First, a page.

What is Black Friday? Affecting personal finance!

In the United States, Black Friday is a shopping day that comes after Thanksgiving. On this day every year, a lot of people go shopping, and many stores have big sales and discounts.

Why do we call it Black Friday?

While it is often portrayed as a joyous occasion, its history is less pleasant. In the 1950s, Philadelphia police used the term to describe the chaos caused by the influx of suburban shoppers and tourists arriving in preparation for the Army-Navy football game the following day. The increased foot traffic and shoplifting incidents burdened the police force, prompting them to work longer shifts.

By 1961, the term “Black Friday” had gained traction in Philadelphia, but attempts to rebrand it as “Big Friday” to remove its negative connotations failed. However, the term’s nationwide adoption didn’t occur until 1985. In the late 1980s, retailers capitalized on the term, framing it as the day stores transitioned from financial losses (red) to profits (black).

The narrative of “Black Friday” gained popularity, overshadowing its darker origins. The once one-day sales event now spans four days, spawning additional “retail holidays” like Small Business Saturday/Sunday and Cyber Monday. Store opening hours have gradually crept earlier, with dedicated shoppers now starting their Black Friday shopping immediately after Thanksgiving dinner.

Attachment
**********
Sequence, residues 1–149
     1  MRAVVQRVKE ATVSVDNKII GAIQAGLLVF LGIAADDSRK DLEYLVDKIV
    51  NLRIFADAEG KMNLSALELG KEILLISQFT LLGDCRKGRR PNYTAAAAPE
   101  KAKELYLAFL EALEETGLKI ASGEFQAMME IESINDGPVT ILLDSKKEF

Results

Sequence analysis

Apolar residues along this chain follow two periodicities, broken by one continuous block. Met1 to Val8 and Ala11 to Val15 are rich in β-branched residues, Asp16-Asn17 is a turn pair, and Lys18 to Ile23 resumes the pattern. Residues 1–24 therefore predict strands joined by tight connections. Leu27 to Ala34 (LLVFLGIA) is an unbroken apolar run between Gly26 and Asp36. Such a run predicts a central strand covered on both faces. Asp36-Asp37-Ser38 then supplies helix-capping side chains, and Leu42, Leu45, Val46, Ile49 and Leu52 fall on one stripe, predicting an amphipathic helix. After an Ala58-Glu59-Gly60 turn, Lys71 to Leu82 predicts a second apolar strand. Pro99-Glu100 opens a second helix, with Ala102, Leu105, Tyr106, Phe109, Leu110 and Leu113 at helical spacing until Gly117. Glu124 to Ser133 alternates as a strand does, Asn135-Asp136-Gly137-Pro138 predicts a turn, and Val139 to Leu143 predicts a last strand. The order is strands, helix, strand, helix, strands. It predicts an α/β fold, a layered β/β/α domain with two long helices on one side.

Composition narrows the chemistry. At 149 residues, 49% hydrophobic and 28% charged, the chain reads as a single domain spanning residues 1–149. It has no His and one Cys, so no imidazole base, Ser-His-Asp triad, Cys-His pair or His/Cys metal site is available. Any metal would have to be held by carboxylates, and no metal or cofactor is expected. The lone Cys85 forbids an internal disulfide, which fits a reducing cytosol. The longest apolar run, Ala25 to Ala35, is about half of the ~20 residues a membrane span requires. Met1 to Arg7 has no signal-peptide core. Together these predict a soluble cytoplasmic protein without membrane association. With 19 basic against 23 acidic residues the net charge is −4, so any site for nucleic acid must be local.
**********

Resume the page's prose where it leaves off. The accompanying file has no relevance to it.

You can have more great deals and promotions, a wide variety of products on sale, the opportunity to shop for the holidays, and a festive atmosphere.


It makes crowds, violence, consumerism and stressful shopping experience

Is it affecting personal finance?

I can say yes. It can have a significant impact on personal finances. It will make you make impulse purchases, buy unnecessary items, increase spending, fall into debt traps from credit, and cause financial stress.